The BPPA’s second submission to the Leveson Inquiry

When the Leveson Inquiry first opened we had little or no idea that press photographers would come in for so much criticism and abuse from the witnesses. At the association’s AGM in November we formed a plan to do what we could to counter this and put our side of the story. Shortly afterwards we sent an initial submission in the form of an open letter to Lord Justice Leveson and his team to see if we could be added as a “core participant’ at The Inquiry.

We were refused that status on the grounds that we were, apparently, both adequately represented and because press photography wasn’t a specific topic for the inquiry. We had expected to be refused and so the job of drafting the second, longer, submission began. The BPPA’s Board approved it at the end of last week and it was submitted ahead of the resumption of The Inquiry on Monday 9th January. The full document is 18 pages long and almost impossible to summarise in a blog posting so here are some key parts of the INTRODUCTION, our four-part STRATEGY and the CONCLUSION in full:

OUTLINE

The association is in a position to make a unique and positive contribution to the debate by providing a more accurate, up-to-date and informed assessment than any other organisation on the specific topics where we have expertise. In this written submission The BPPA will offer The Inquiry our views on:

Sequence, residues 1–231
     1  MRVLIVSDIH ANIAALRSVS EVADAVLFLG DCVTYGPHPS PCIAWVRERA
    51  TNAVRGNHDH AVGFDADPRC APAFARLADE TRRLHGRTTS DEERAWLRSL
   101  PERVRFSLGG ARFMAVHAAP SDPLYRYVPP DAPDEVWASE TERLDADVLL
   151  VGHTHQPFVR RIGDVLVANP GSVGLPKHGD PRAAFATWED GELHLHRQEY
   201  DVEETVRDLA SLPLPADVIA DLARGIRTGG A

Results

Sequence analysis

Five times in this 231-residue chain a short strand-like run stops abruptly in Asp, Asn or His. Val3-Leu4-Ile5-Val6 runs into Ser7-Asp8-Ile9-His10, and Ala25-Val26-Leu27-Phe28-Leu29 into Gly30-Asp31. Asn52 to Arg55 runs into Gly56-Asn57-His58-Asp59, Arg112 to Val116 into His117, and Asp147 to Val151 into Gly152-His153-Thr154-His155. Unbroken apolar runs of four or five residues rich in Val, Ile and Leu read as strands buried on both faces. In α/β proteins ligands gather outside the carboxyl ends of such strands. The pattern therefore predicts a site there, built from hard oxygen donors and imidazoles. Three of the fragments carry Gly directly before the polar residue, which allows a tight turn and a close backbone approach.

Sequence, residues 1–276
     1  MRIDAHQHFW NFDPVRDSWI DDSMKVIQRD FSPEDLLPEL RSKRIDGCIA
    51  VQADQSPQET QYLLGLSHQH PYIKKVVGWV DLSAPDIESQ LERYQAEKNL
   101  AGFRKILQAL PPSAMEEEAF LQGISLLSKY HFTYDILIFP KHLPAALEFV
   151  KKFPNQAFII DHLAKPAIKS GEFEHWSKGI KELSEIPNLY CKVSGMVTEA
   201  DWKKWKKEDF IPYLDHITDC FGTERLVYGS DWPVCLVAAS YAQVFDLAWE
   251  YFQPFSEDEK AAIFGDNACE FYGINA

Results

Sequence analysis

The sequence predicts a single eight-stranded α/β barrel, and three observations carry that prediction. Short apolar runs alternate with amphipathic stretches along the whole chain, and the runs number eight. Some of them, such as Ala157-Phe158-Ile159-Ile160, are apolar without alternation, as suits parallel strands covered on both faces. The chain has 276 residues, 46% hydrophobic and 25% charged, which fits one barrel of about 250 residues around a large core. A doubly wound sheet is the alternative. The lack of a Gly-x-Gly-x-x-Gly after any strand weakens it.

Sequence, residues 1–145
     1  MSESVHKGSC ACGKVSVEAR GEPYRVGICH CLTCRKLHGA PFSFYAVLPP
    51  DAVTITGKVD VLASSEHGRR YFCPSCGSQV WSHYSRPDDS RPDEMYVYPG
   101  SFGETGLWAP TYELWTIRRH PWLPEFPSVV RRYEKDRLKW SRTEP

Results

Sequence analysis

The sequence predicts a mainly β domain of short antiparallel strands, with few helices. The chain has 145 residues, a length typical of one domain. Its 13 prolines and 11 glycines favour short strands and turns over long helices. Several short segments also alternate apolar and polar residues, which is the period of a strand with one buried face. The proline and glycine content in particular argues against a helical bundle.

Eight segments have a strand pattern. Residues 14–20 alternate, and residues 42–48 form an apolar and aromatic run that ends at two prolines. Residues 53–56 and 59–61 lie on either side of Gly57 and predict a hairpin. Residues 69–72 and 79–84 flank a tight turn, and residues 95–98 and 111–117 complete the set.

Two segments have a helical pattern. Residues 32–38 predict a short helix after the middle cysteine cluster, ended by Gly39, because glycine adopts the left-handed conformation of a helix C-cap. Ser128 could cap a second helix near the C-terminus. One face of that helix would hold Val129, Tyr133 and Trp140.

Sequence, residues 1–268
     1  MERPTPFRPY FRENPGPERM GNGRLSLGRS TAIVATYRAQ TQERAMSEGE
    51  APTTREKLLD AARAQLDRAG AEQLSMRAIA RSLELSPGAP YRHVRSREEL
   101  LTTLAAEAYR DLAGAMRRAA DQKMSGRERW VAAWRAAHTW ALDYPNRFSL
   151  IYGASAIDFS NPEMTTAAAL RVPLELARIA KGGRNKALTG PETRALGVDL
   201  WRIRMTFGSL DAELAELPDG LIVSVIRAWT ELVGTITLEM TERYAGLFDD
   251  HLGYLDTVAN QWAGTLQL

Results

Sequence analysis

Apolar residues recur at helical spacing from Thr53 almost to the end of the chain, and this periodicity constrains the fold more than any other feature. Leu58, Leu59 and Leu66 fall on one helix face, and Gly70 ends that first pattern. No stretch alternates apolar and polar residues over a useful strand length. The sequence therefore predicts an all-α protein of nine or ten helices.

• The culture and practices of professional press photographers
  • The market place for news pictures and how it affects those cultures and practices
  • The problems that the market for celebrity images are causing
  • Privacy laws vs public interest

As well as our proposals for

  • Cooperation between all parts of the media to establish clear and enforceable ethical guidelines and codes of behaviour and etiquette
  • The reduction and elimination of the problems of unethical photographers, the so-called ‘stalkerazzi’
STRATEGY
The current international and multi-platform market is, however, no place for voluntary codes to function in isolation. The BPPA’s Board is of the opinion that we need a four-pronged strategy:
  • Make the publishers of websites, blogs, magazines and newspapers and their editors financially and professionally responsible for any lack of due diligence in checking how, where and why pictures that they are publishing were taken. Photographs acquired from citizen journalists, CCTV systems and inexperienced photographers should have a clear and strict series of tests applied before publication to verify their provenance
  • Images purchased from holders of UK Press Cards or from reputable agencies that are members of a United Kingdom Press Card Authority member body would require a lower standard of checking and proof because the photographer holding the press card would, according to the new ethical code, already have performed tests as they were shot. Should the images turn out to have been acquired irresponsibly, that would constitute a breach of the code of ethics that they sign up to when receiving their new UK Press Card